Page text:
Given that restaurants in the Viaduct Harbour or on top of the Skytower clearly enjoy the advantages of being in a premier location they are charging the prices that maximize their profit and it is difficult to see how one can increase competition in this regard in an attempt to lower those prices. So if the view and the setting are not worth that much to you then you should probably not patronize these establishments. It is also probably worthwhile to remember that these people also pay a premium on the rent for these locations.

Okay, so are there any situations where producers are deliberately over-charging? Yes, it is most likely that we are paying too much for our meat and produce at the local supermarket. It is one thing if we have to pay through the nose for exotic foreign goods that are shipped from a long distance away. But that does not explain why we pay top prices for locally grown meat, fruits and vegetables.

In the absence of hard data, one can make conjectures as to why this might be the case. In Auckland, the supermarkets are owned by one of two companies Woolworths and Foodstuffs. The extreme lack of competition in this market pretty much guarantees that the supermarkets can get away by charging high prices. It is also not unlikely that there is some amount of implicit collusion among these two companies.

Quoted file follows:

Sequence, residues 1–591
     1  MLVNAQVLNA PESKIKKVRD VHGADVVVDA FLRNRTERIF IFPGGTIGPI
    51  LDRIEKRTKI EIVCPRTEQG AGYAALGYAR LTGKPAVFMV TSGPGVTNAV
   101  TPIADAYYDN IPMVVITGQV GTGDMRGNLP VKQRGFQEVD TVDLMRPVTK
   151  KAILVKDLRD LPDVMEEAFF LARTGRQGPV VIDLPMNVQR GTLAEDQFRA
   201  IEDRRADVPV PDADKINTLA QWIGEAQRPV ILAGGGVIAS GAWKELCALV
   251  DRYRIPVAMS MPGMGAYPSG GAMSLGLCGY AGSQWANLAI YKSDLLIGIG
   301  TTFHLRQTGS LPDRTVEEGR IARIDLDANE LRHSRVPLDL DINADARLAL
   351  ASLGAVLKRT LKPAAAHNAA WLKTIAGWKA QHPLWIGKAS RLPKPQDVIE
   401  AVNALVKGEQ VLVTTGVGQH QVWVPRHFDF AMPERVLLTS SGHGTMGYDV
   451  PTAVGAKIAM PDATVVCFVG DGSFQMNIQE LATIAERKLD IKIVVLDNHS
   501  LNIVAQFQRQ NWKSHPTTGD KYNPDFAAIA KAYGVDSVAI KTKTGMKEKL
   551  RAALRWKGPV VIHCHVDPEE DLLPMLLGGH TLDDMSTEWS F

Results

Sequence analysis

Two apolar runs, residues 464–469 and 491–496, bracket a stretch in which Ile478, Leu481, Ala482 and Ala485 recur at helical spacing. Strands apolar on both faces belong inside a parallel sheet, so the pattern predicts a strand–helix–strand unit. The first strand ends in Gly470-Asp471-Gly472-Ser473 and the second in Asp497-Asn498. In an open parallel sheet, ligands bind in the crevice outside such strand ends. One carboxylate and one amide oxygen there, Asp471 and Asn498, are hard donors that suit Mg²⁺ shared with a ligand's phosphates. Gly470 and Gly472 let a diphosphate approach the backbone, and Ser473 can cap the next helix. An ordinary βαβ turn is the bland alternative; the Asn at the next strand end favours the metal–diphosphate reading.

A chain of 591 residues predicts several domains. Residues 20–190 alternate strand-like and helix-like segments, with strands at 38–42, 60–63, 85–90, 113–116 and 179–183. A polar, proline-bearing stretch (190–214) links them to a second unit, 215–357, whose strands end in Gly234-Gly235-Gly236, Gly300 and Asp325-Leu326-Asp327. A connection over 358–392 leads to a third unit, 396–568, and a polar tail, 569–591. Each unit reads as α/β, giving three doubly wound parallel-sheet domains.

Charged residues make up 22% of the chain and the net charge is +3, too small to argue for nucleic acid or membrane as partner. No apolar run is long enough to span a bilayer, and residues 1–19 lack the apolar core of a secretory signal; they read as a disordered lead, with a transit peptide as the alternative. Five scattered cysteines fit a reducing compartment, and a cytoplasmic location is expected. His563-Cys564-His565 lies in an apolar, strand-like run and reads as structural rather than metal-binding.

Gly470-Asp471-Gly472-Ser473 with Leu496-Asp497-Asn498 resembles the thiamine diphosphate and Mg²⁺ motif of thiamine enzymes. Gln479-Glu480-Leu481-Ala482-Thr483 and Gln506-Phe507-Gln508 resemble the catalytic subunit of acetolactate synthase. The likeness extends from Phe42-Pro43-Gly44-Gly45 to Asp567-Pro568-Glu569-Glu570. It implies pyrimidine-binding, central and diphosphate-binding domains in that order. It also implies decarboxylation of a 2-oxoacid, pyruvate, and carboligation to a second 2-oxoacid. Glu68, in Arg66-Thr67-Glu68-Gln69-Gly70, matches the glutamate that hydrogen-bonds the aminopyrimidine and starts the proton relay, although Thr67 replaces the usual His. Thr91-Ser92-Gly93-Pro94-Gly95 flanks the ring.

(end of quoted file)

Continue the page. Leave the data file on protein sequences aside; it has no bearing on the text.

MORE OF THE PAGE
However, before we condemn the supermarkets, there is one other issue that needs to be remembered. It is possible that our supermarkets also experience higher costs than would be true of supermarkets in other countries. We all know the price a producer charges is related to the underlying costs. For large supermarkets there are large fixed or set-up costs. It costs money to build and operate one of these stores. This cost is fixed in the sense that if you decide to build a large supermarket then you have to incur some of these costs in terms of building costs, the cost of air-conditioning etc. which is independent of the amount of goods that you sell.

Now the more you sell the less your costs become on average because this large fixed cost gets distributed over a larger volume of goods making each item less expensive to produce and sell on average. But the extent to which these average costs decrease depends on the volume of your sales. Here is the problem. Auckland – and New Zealand - is a very small market. And therefore it is possible that the sales volumes are just not large enough to give the producers adequate cost savings. So which view is correct? Are costs too high? Or are they deliberately over-charging given the lack of competition? Probably a bit of both. This is an open research question.

So, what is the average consumer to do? Well, it depends. How important to you is the convenience of buying everything under the same roof in air-conditioned comfort? How pressed are you for time? If you can spare the time, then drive to the nearest Chinese supermarket or farmers’ market. But this might mean having to make multiple stops for all the things you need during the week.

And how about romantic dinners? Summer is just around the corner. Pack a chilly-bin, grab a beach-mat, get in the car and drive to a scenic spot. We are lucky to live in a country where there are plenty of these in close proximity and they are all free!